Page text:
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    Neutralization of organic acids such as methanoic, ethanoic, benzoic, and butanoic acids with carbonate chemistry?

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    The high temperature pulping/digesting of wood generates methanoic, ethanoic, benzoic, and butanoic acids in solution. It is believed that under higher temperatures, these organic acids volatilize to their aldehyde or alcohol equivalents such as methanol, formaldehyde, benzene, butane etc. etc.

    It has been suggested that carbonate chemistry will effectively neutralize these volatile organic acids and render the equilibrium product non-volatile.

    Could you explain why carbonate, specifically sodium carbonate (Na2CO3) would be particularly good at neutralizing these acids and their conjugate bases?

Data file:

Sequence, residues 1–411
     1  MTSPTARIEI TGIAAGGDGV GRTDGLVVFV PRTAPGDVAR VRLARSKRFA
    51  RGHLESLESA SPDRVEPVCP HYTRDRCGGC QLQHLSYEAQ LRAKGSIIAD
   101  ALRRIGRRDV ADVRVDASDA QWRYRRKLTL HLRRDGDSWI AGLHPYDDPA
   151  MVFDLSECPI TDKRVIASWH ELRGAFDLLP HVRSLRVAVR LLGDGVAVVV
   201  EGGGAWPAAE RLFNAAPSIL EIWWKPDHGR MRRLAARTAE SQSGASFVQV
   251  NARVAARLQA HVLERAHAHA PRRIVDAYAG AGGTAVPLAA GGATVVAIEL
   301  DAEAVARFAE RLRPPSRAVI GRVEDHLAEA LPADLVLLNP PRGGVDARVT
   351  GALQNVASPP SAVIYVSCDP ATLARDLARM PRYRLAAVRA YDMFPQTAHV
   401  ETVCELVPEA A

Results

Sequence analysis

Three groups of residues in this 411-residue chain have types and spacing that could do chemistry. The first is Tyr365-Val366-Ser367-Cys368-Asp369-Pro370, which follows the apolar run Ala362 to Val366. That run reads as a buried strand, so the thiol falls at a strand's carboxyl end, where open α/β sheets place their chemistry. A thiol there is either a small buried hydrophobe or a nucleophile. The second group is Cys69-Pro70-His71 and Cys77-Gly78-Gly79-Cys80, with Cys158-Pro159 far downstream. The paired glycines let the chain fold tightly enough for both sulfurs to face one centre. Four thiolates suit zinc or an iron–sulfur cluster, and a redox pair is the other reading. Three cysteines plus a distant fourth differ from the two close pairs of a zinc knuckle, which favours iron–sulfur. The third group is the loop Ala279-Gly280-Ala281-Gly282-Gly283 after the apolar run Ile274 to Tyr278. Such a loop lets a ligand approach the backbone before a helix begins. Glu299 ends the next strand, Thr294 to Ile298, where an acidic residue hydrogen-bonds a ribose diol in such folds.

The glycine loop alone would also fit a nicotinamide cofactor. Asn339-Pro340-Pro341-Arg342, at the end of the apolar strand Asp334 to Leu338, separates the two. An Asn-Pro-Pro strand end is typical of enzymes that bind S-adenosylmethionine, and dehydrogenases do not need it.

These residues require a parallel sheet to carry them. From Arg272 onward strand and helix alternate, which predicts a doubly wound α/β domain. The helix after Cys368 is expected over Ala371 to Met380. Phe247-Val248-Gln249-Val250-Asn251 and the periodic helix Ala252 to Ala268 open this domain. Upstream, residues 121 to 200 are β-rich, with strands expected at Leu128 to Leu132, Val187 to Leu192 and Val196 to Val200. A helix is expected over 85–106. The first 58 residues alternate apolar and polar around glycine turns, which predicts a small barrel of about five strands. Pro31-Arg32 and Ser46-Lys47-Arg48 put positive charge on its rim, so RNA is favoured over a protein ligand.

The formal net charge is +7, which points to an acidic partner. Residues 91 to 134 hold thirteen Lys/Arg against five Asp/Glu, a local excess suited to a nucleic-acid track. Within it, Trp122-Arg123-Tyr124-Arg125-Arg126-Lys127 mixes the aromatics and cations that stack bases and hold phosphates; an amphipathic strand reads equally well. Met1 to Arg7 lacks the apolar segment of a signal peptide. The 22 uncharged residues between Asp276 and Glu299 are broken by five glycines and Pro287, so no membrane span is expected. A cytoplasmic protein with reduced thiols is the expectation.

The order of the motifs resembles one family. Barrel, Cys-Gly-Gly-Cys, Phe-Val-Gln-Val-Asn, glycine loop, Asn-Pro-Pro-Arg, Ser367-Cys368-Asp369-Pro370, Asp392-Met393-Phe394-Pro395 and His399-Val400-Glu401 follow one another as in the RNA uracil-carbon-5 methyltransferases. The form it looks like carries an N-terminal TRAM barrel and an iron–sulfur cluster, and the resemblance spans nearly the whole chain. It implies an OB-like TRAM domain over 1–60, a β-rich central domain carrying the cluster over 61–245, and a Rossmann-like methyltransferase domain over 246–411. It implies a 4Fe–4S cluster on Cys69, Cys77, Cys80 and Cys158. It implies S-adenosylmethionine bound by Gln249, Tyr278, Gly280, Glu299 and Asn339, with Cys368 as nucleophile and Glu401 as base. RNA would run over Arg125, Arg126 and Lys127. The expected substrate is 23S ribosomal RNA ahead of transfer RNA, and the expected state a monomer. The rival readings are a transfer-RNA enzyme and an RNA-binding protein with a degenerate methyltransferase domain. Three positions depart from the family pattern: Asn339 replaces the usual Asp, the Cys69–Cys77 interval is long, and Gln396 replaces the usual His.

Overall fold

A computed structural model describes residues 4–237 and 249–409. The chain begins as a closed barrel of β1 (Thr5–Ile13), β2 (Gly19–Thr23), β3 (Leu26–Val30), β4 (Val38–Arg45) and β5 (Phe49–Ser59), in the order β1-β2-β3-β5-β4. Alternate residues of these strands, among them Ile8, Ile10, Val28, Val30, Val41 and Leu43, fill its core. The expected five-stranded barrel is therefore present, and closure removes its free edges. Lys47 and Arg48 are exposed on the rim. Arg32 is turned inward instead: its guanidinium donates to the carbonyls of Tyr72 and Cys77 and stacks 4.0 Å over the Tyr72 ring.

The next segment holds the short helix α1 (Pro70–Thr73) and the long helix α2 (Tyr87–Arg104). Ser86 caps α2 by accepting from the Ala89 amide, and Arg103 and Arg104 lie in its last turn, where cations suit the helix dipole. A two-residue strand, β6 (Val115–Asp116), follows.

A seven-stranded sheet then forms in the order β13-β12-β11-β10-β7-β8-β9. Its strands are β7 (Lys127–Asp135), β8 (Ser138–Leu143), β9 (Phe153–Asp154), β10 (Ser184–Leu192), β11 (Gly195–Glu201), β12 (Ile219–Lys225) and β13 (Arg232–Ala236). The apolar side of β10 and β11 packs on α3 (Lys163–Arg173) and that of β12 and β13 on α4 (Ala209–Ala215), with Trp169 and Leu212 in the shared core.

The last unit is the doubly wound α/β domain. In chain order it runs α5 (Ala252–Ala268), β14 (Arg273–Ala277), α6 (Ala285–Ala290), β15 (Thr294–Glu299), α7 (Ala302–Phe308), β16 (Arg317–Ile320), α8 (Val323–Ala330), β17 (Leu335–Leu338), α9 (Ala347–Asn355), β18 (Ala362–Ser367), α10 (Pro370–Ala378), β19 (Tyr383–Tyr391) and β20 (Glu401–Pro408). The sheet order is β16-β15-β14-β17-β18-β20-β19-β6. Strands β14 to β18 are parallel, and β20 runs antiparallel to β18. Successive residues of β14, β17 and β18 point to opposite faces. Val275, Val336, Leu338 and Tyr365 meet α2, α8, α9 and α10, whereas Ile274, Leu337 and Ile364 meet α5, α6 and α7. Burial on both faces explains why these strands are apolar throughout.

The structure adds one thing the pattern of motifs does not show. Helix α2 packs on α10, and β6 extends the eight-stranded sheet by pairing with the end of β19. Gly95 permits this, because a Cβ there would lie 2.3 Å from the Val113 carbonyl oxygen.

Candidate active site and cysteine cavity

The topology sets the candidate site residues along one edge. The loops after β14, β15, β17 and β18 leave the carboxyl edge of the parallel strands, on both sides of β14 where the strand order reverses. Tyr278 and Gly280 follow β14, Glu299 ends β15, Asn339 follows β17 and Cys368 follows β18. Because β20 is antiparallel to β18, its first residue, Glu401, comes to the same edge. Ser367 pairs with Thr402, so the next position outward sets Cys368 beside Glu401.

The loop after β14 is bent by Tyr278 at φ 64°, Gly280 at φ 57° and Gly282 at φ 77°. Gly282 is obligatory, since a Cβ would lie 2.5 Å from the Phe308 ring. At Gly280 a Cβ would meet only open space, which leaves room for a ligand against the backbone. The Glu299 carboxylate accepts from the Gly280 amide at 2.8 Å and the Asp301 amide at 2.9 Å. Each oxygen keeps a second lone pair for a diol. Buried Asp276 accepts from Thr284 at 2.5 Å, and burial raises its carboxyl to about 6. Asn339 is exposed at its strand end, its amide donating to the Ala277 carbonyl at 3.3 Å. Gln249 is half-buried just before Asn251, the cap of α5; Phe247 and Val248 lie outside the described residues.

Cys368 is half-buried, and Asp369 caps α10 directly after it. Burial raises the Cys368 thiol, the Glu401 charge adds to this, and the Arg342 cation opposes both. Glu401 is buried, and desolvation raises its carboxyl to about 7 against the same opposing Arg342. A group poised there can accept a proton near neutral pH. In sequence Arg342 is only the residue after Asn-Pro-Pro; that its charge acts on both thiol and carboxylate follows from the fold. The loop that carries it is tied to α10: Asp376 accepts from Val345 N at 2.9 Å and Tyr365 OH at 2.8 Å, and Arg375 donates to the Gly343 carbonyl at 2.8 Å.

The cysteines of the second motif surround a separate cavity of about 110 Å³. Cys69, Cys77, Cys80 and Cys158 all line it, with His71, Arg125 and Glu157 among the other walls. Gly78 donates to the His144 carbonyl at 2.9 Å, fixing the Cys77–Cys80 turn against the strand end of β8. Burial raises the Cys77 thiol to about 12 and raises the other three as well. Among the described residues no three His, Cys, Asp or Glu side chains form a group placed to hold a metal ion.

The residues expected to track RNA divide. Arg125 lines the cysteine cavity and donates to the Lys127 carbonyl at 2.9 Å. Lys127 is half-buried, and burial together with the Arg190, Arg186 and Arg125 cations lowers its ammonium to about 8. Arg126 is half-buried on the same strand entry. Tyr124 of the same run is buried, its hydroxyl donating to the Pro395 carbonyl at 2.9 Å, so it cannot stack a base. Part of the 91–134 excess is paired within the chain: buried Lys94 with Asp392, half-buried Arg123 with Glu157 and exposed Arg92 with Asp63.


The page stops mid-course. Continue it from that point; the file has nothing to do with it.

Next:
What would be the balanced neutralization/equilibrium equations for each of these acids in water plus sodium carbonate?

    for example....CH2O2 + H2O + Na2CO3 = ?

    Please walk me through the balancing of the equations and why carbonate chemistry might be particularly good in this case??

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    Solution Summary

    The solution examines neutralization or organic acids such as methanoic, ethanoic, benzoic, and butanoic acids with carbonate chemistry.

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